In recent years, social media has become an integral part of our daily lives. We use it to connect with friends and family, stay up to date on the latest trends, share our thoughts and experiences with the people we care about, and consume information on virtually any topic, ranging from news and current events to crafts and DIY tutorials.
Although a useful tool, social media has also been linked to negative consequences, such as increased feelings of anxiety, depression, and low self-esteem. One area where social media has been particularly concerning is its impact on substance misuse and addiction, particularly among young people. Most kids spend more than five hours a day on social media or playing video games, and nearly one-quarter of 10th-grade girls spend seven hours or more on social media each day, so it’s important to know how social media affects them. [1,2]
The Relationship Between Social Media and Substance Misuse
Few people realize that social media has been found to be a significant risk factor for substance misuse. But research has shown that individuals who spend more time on social media are more likely to use drugs and alcohol. The truth is that social media use is associated with increased odds of binge drinking, marijuana use, and prescription drug misuse.
Social media can be a source of immense stress and anxiety. Social media platforms are designed to keep us engaged, and this can lead to feelings of pressure to constantly check our accounts, respond to notifications, keep up with the latest hot trends, and scroll endlessly. This constant digital stimulation can be mentally overwhelming, and some young people may turn to drugs or alcohol to cope with these feelings without even realizing why they are overwhelmed in the first place.
Social media can also facilitate easy access to drugs and alcohol. Social media platforms provide a way for teens to connect with other people of all ages who share similar interests, including drug use or “party culture.” This can make it easier for individuals to obtain drugs or alcohol, or to be exposed to content that normalizes substance misuse. For example, social media influencers and celebrities often share images and messages that glamorize substance use, making drugs and alcohol seem like a normal part of everyday life. This can be particularly problematic for young people because they are more likely to be influenced by social media content.
How Social Media Affects Mental Health
Another way social media is linked to substance misuse is its effects on mental health. According to an article published by NPA, a psychologist named Jean Twenge explains that the majority of Americans had smartphones by 2021, which is around the same exact time rates of loneliness started to increase. Today, rates of anxiety, depression, and loneliness are at an all-time high, and social media is partly to blame.
Smartphones offer endless entertainment at the tips of your fingers. With so much entertainment available digitally, young people don’t need to hang out with their friends as much to avoid getting bored. Since 1976, the number of times the average teen went out with their friends stayed nearly steady, but it decreased significantly around the time smartphones became mainstream.
In-person social interactions are important for development, and without socialization, people experience increased rates of anxiety, depression, and other mental health issues. Currently, teen girls are suffering from record levels of sadness and suicidality, and studies have linked the escalation of mental health crises to the rise of electronic devices and social media.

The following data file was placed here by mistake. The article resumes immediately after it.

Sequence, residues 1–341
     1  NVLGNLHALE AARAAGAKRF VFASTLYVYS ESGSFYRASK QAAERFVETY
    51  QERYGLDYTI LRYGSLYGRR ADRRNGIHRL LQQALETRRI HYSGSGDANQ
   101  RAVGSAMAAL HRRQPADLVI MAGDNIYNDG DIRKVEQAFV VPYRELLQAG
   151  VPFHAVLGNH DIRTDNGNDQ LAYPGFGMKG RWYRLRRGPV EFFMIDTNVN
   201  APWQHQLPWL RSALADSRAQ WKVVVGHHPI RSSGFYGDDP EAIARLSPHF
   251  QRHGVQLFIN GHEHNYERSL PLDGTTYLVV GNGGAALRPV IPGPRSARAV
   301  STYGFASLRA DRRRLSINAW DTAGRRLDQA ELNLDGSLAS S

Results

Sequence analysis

Although not everyone who struggles with their mental health misuses substances or suffers from addiction, rates of addiction are higher in people with mental health issues. Over 60% of adolescents in substance use treatment programs also have a mental illness.
Protecting Youth from The Impacts of Social Media on Mental Health and Substance Misuse
Social media is still considered fairly new, so we don’t know the long-term effects just yet. However, what we do know is that it can be harmful, so what can be done?
Raise Awareness About the Risks
Raising awareness is an important first step. Parents, educators, healthcare professionals, and peers should educate themselves and others about the risks associated with social media use as well as the signs of mental illness and addiction.
Limit Social Media Use–No Matter the Age
Whether you consider yourself young, old, or somewhere in between, it’s important to limit the amount of time you spend on social media. Consider setting limits on you and your teen’s social media use to reduce the feelings of pressure and lonliness that can contribute to substance use and mental health issues.
Closely Monitor Social Media Use
If you’re a parent or caregiver, you should also monitor your children’s social media use closely. This can help you identify any warning signs of harmful content, substance misuse, or signs of unhealthy behaviors and give you the chance to intervene early.
Talk to Your Kids About the Issue
Let your kids know that everything they see on social media isn’t what it seems, and make sure they understand the importance of in-person social interaction. Educate them on how social media increases the risk of addiction and maintain a supportive, positive environment.
Promote Positive Messaging on Social Media
Finally, it’s important to promote positive messages and images on social media. Positivity can counteract the negative messages that glamorize substance use. Social media influencers and celebrities can also use their platforms to promote positive messages about sobriety and recovery. Doing so can also help reduce the stigma associated with addiction and mental health while also providing hope to those who are struggling.